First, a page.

I had no Garmin time, no HRs recorded to feed back and I have never been so happy for the finish line, a silver warm blanket from the medical tent and to gather my stuff from the transition area. Nothing felt good about the race except for the fact that I knew I had the mental toughness to finish and I felt that I had at least had a good run. As for the rest, I was not looking forward to the results. I knew I didn't have the strongest swim and my bike was conservative all the way. We loaded up our muddy wet equipment into garbage bags and left the site as soon as possible. The warmth of the car was great and the hot shower and time on the couch post-race, even better.

Last night the results came out. In the end, not as bad as I expected. Surprising in some ways and what I expected in others. The official stats:
Swim: 17:18 (82nd)
T1: 2:54 (30th)
Bike: 57:08 (40th)
T2: 2:58 (141th)
Run: 28:35 (110th)

Total: 1:48.51 (63/192 overall finishers; 5/25 in age group)

Post-race reflections: I need to work on my transitions. The conditions definitely contributed, but I am leaving easy time on the table here. Swim - in an area where I'm usually much stronger, I wasn't Sunday. A few open water practices and more efficient sightings will hopefully help this. Surprise- my bike was actually my strongest and I averaged around 18.9 mph. My legs felt good and I felt like I left a lot out on the course due to conditions so hopefully this bodes well for race season. Run - even though my ranking here is the lowest out of the three disciplines, I was still really happy about my run. Compared to last year, I have taken about a minute and 20 seconds per mile off of my pace.

Overall, a wet start to the tri-season and by far, the most miserable race conditions ever. But I have one under my belt going into White Lake and that, for my nerves, was the goal. So if it pours on May 3rd, which hopefully it won't, I'm ready.

Friday, April 18, 2008


As I sit here in the Atlanta Airport counting the minutes down until I can finally board that plane to Richmond, I realize that although this past week in Germany was a wonderful experience, I am definitely homesick.

I miss Bart more than I could ever describe in this silly blog;

I miss Lulu's wagging tail and snuggly personality;

I miss vegetables not prepared in any sauce and normal salads;

I miss the routine of my normal training (and, since I've only been able to run for a week I really miss the diversity of swimming and biking);

I miss catching up with my training partners on a regular basis, whether in group workouts, phone calls or emails or the forum or blog exchanges.

It is wonderful to be back! Can't wait to see everybody!

Sunday, April 6, 2008

Rain, Rain Go Away

The rain was supposed to stop today. But it never really did.

We delayed our fun ride around Ashland with TGSanDee and Gregg first an hour, then another. Then we cancelled. Bart and I still had to get our 3 plus hour ride in but, for a while, I crawled back in bed.

Finally, around 1, we knew the day was not going to get any longer, or the weather much better, so we packed up our gear and drove out to West Creek. After debating some alternate routes, we decided on our usual 27ish mile tour of Goochland on our road bikes. It was drizzling, the wind blowing, my legs completely flat from yesterday's race and post-race swim, and my mood extremely grumpy. I wish I could say it improved, but it didn't. As we came back towards our car, I felt frozen, disappointed in my turtle-like slow ride and called it quits for outside.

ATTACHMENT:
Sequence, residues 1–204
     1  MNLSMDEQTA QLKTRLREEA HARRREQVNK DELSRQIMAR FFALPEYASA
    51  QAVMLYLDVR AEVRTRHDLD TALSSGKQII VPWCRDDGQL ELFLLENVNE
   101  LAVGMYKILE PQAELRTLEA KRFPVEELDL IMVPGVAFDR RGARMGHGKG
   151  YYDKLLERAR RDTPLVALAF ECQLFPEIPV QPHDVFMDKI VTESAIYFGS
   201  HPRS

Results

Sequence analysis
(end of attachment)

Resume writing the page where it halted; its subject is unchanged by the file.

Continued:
Then the guilt came. I am headed for Germany on Friday for a week with little options for training and I knew that finishing my scheduled time on the bike was important. So, when we returned home, as much as I wanted to crawl back in bed, Bart and I changed to dry clothes and got on our trainers to finish our rides. While slightly warmer, I still was not having a good day. We watched part of a movie and then somehow, while watching the pros grind up the huge climbs in the Tour of Flanders, I was able to get through the rest of my session on the trainer. Finally, I was done with my workout. It was not fun or easy but I finished. And finally, with that thought, I found my smile.

Some Sunshine on a Rainy Race Day

Despite the rainy drizzle, yesterday's Monument Avenue 10K was definitely a sunny race for me. Pre-race, TG40, TG SanDee, Bart and I met up in the fan and walked down to the start sporting stylish large trash bags in an effort to stay as dry as possible before the start. At Monroe Park, we made our last minute trips to the port-o-potties and then headed over to corral H for the start.

We ran into a whole sea of pink in corral H, including TGs Lynn, Molly, Sharon, Kate, Jill, Mary, Debbie and Shawn. A bunch of the girls had already put in their morning workout of an hour and a half on their trainers and a run to the start.

Soon we were off and running. TG40 and I had our race plan - start the first mile at 9:30 pace and drop 5 seconds with each mile - and our Garmins were activated and ready to help pace us. TG Lynn also joined us from the start - with the promise that if she paced with us, she would talk and/or sing.

From the start, the miles ticked off quickly. We all felt good and Deanna and I abandoned race plan A for race plan B (holding a 9:15 pace) which was reserved for "if we felt good." We often found ourselves looking at our Garmins saying "too fast." After the first mile, I tried to stay in my HR zone 4 for the majority of the race. Towards miles 4 and 5, my heart rate kept creeping up towards my AT range and I was afraid I was going to burn out before the finish. But, we were headed down towards the finish and the crowds and numbers of racers were inspiring. It was great to have my weekend training partner on one side and another TG friend on the other side, occasionally singing out a little "Kung Foo Fighting" or pointing out someone on the course. TG40 pushed me through a hard mile 5, and then all three of us picked it up for the finish. With the finish in site, TG Lynn turned on her rocket burners. I was determined to not lose ground and TG40 and I put in our final kick and crossed the finish line together. The results - PRs.

All smiles we met up with Bart and the other TGs at the "T" in the park for some photos and race story swapping. Then, it was on to ANNNs for the official post-race celebration. She outdid herself with plenty of pink champagne and yummy chocolate covered bananas and marshmallows. A perfect sunny ending to a great race day.

My official time - 57:04. Ave pace 9:11. Place in my age group - 261/1818.

Wednesday, April 2, 2008

The Icing on the Cake

My husband emailed me this picture at work today! ZIPP-A-DEE-DO-DAH!